Of Montreal’s Quest for Perfection The Athens, GA-based band comes back with a new album


CAVELIFE EDITOR For about seven years now, I’ve been a huge fan of Of Montreal. They came into my life when I needed something undefined and whimsical, right at the apex of their work, Hissing Fauna, Are You the Destroyer?. For those of you who have been paying attention to me over the last two years, I’ve talked about Of Montreal a number of times and I’ve written about two of their albums, False Priest and Paralytic Stalks, two albums coming out in rapid succession and meeting with a generous response, in a way. The problem that Of Montreal is facing is that they’ve already had their great album, and it was 2006’s Hissing Fauna, Are you the Destroyer?. Hissing Fauna pulled emotion out of electric music, pushing the boundaries of Indie pop and House electronica, all the while strumming on the listener’s heartstrings as they fell into Kevin Barnes’ depression with him. Hissing Fauna was fantastic because of this, because of the pure, raw emotion that it portrayed, and the song’s arrangements were dynamic and interesting. With Daughter of Cloud, which is a compilation of unreleased songs and rarities from little known-EPs, Of Montreal shows the past and the present in a two-pronged attack. The song’s best tracks are from Deflated Chime, Foals Slightly Flower Sibylline Responses, and EP from 2006 which I totally had and loved, but there’s a reason why these songs are the best. “Psychotic Feeling” and “Noir Blues to Tinnitus”, the two songs in question are from a completely different era of their music making, a time when the concepts didn’t take complete control of the songs. Set between their two best albums of The Sunlandic Twins and Hissing Fauna, the EP was a jumping gap to their pronounced greatness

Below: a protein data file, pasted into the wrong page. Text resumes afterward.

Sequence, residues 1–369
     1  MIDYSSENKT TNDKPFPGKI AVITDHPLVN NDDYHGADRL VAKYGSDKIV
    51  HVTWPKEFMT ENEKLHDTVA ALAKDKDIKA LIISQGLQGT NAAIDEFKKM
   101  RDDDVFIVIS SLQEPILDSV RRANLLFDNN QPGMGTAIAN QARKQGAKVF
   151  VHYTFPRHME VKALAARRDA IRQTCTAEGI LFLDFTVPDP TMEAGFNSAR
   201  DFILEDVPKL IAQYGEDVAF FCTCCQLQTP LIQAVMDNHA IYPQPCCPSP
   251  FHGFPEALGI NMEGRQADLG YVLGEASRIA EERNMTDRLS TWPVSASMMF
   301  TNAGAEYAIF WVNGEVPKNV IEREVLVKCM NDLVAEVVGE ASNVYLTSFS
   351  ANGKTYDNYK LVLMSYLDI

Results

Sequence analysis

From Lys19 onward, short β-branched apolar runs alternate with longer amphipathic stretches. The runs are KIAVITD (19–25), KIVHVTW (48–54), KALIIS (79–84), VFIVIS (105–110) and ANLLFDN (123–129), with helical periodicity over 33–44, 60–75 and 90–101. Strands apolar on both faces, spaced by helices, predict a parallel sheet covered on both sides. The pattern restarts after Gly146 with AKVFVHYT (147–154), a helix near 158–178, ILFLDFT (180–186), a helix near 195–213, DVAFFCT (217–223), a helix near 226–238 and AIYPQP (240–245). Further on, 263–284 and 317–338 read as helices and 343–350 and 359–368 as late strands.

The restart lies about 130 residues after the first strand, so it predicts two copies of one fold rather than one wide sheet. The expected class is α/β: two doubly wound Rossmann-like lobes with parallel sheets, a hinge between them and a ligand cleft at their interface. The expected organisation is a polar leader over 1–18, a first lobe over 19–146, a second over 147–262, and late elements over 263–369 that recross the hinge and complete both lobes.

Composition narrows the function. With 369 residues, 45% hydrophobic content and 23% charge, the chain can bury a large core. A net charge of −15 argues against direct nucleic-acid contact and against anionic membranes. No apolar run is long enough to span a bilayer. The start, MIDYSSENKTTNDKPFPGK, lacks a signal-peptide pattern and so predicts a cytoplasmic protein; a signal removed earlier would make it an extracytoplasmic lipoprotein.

and it shows. They stand out on the as great points in Of Montreal history and I was confused to see them on this CD. Most of the unreleased were from Skeletal Lamping on, and most of them suffer from Of Montreal’s new campy condition, while style takes precedent to content. Outside of those two songs, the lead track, “Our Love is Senile” and the acid-house jam “Micro University” stand out as songs that last the test. “Our Love is Senile” sounds like it could have been on The Sunlandic Twins, and “Micro University” is inventive and different for the band, which made it interesting. “Feminine Effects”, which was previously released on a Sony Connect session, was re-recorded with Rebecca Cash as the lead singer, is also quite good, but the version seems to be lacking enough Of Montreal sensibility to really fit in, and “Tender Fax” was a nice find on the album, having in it a great and dreamy psychedelic solo. Other than these six songs, the album is beyond strange, and it seems that Of Montreal and Kevin Barnes are more than willing to continue to be strange. Which is fine. They’ve been strange since their conception, and, for a while, it worked really well. But, it’s starting to get to the point where only hardcore fans will enjoy their work, while new listeners will lament that they weren’t around five years ago when things were really good. But, for those songs alone, Daughter of Cloud is a good pick up; most of these songs are hard or impossible to find. So go to your Spotify account, because everyone should have one by now, and check it out.


Top: Of Montreal’s lineup, seen being generally silly Right: The cover of Daughter of Cloud, Bottom: An accurate depiction of Kevin Barnes, the Brain man and wunderkind of Of Montreal

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The Bachelor | December 7, 2012

Basketball Continues Inconsistent Play



The Little Giant basketball team held on for a 75-72 victory against Denison Saturday. The Big Red erased a ten-point half-time deficit before Little Giant players made plays down the stretch to secure the win. “We go into every game knowing it’s going to be a hard-fought battle,” Coach

Antoine Carpenter said. “We just have to keep our intensity and play Wabash basketball.” The North Coast Athletic Conference battle was inches away from being tied with one remaining. Denison started its final possession in need of a three-point shot to tie the game. Wabash defenders crowded the three-point line but Denison guard Robby Weingart found a clean shot after